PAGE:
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From: Dean Michael Berris (mikhailberis_at_[hidden])
Date: 2008-07-01 01:37:22

On Mon, Jun 30, 2008 at 11:15 PM, Rene Rivera <grafikrobot_at_[hidden]> wrote:
> Dean Michael Berris wrote:
>> Sorry to jump in here... Not being a Boost author myself makes this a
>> little awkward, but I'd like to get my $0.02 worth in there.
> Commentary by developers who deal with software releases of any form is very
> much welcome in these!

Thanks. :)

>> On Mon, Jun 30, 2008 at 11:20 AM, Rene Rivera <grafikrobot_at_[hidden]>
>> wrote:
>>> David Abrahams wrote:
>>>> James Sharpe wrote:
>> I think the diversion here comes from the fact that only authors (or
>> maintainers) are able to check in code to the subversion repository --
>> and patches that go towards a 'bugfix point release' need to go
>> through the authors/maintainers. This is a problem of the
>> 'not-always-stable' trunk paradigm, where major/minor development
>> happens on the trunk which gets tested day by day.
> Hm, I don't see how that follows. I can see the bottleneck authors time is,
> and is one of my main points. But I don't see how that follows to the
> problem of 'not-always-stable' trunk method.

The problem the not-always-stable trunk method brings in this
situation is where a fix that has to be made/applied to a library
that's already been released either goes first into trunk (because
trunk is not intended to be stable at all) then needs to wait for the
next release. Since the trunk is not always stable, you then encounter
the problem of having to maintain a different version of the libraries
in different branches -- a release 1.35, 1.34, 1.35.1, 1.36, etc. --
In case the trunk was always stable, then fixes that get applied to a
bugfix release can be merged into the trunk; then further development
of the library can happen in a private branch.

The unstable trunk also disallows the release manager(s) from simply
cutting a branch from trunk every-time a new release is to be made.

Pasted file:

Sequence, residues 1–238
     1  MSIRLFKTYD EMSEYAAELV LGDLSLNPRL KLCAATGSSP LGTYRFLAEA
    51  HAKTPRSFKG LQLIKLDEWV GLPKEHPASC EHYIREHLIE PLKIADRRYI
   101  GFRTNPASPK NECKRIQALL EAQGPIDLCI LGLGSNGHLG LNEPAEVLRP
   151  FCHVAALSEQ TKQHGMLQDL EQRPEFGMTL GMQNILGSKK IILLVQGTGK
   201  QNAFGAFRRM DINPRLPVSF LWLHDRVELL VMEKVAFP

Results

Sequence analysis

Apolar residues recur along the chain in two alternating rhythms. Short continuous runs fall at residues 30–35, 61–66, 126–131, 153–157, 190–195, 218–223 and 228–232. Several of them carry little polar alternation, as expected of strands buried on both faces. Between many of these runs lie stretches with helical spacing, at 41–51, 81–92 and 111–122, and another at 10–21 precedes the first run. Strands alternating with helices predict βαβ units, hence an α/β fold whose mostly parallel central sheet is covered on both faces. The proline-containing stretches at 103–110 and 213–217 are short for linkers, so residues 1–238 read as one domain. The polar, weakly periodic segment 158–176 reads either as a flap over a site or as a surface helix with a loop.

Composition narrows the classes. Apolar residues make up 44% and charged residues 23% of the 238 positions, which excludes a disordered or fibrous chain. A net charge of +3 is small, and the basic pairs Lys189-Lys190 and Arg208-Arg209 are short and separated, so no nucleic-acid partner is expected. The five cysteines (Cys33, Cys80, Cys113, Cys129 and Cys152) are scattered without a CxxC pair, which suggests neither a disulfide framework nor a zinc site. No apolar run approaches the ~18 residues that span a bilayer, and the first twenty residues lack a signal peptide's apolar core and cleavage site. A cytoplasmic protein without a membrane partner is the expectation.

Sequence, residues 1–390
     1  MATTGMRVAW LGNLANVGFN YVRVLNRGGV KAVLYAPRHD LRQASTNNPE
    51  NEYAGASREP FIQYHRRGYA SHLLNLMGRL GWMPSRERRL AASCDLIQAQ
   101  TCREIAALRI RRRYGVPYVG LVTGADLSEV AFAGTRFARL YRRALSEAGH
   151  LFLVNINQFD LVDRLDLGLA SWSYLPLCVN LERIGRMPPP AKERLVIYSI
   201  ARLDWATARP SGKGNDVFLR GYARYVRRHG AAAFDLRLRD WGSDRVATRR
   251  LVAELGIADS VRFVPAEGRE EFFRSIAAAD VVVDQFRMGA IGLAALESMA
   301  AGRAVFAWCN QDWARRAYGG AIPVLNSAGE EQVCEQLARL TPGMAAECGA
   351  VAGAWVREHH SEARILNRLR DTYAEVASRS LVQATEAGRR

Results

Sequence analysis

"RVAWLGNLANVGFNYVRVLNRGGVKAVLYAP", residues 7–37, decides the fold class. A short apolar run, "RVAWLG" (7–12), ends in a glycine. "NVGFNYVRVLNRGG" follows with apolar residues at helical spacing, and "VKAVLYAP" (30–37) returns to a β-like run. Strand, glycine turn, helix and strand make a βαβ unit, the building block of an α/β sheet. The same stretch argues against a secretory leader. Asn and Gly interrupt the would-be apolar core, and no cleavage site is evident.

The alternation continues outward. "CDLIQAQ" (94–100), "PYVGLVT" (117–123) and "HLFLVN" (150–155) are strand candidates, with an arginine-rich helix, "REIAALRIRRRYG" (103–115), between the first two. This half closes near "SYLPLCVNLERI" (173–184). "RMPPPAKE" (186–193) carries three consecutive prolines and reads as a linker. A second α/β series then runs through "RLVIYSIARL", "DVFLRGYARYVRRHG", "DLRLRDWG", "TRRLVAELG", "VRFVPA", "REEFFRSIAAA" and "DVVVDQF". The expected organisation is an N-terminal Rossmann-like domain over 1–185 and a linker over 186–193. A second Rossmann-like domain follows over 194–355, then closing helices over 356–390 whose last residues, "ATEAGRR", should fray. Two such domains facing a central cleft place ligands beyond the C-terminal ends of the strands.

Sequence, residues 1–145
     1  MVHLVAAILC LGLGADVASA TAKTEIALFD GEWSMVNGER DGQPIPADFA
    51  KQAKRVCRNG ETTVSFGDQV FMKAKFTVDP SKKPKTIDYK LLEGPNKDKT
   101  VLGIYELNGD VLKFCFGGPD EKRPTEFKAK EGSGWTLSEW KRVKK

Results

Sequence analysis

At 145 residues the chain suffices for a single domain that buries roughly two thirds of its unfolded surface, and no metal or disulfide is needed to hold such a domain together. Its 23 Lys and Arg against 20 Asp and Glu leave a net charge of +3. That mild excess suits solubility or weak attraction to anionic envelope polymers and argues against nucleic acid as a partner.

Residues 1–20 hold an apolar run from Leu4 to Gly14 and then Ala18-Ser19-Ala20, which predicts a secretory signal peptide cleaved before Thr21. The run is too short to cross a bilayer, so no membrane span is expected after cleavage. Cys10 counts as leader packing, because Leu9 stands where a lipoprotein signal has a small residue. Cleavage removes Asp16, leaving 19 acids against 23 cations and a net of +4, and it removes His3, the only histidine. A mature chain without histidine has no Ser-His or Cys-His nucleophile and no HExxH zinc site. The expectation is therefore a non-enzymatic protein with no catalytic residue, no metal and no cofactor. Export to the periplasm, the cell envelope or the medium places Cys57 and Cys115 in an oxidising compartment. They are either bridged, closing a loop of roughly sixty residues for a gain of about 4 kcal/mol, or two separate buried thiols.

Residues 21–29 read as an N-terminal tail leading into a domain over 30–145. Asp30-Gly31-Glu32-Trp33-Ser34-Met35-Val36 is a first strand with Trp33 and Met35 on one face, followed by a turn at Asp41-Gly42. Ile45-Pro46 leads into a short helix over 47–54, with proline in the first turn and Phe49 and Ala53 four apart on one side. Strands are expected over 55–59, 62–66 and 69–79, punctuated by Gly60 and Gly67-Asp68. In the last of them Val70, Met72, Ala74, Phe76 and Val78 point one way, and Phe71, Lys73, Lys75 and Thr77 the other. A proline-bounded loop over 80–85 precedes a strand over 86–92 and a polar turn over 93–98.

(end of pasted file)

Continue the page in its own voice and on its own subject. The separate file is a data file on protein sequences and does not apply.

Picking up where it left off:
This exacerbates the problem because now instead of fixes that go into
the trunk that's intended to fix an issue in the release branch _for
the sole purpose of fixing bugs in that release branch_ will have to
be manually merged into the new release branch that was rooted on the
previous release version of the library.

So now you're faced with two issues:

1. The 'time-to-market' or 'time-to-release' of a fix that's intended
to address an issue in a release version gets longer and gets packaged
into a new major release.

2. The many versions of the library in supported major release version
and the many bug fixes that need to be tracked accordingly.

I'm not suggesting that we should start following the
'always-stable-trunk' method -- where we have a private branch named
'unstable' on which all breaking changes on a daily basis happen, and
on to which major changes in libraries have to be merged into before
being merged into the trunk after full regression testing. I'm rather
citing the difficulty of having authors working on private branches
then having to merge directly to trunk, and the release managers
having to cut branches from the last stable release instead of a
stable trunk and merging changes from the trunk done manually.

>> Not having the name right is a problem: say for example I as a user of
>> the library would like to contribute a patch to a release version that
>> addresses a particular bug *in that release*. Not knowing from which
>> subversion branch to diff from or create a patch from *is* an issue.
>> For example, when 1.36 comes out and we're still supporting the 1.35
>> release, how do I patch the 1.35 release to create a 1.35.1 release
>> and so on for particular libraries in that release?
> Sure, but those are issues of convention only. The name itself is not
> important, just that we decide on a name. But deciding on a name is the
> least important aspect. The only option users have at this time is to diff
> from the tags/release/Boost_x_y_z (or from the archives directly).
>> So how then would a 1.35.1 release team continue to patch things up in
>> 1.35.0 if the release branch for that release isn't named
>> release_1_35_0?
> It could be named release_1_35, or release/Boost_1_35, etc. Hence the name
> is not important, just that it's agreed upon.

Okay. I guess then we just have to make that convention more 'formal' then?

>> What is the process of creating a release team for a bugfix release on
>> a major release?
> I would think the same as it is now for a regular release. Someone
> volunteers to be the release manager. And they ask for volunteers to help in
> the release, assuming they need help. And then they go through the same
> release process as for a regular release, just on a different branch and
> schedule.


Dean Michael C. Berris
Software Engineer, Friendster, Inc.

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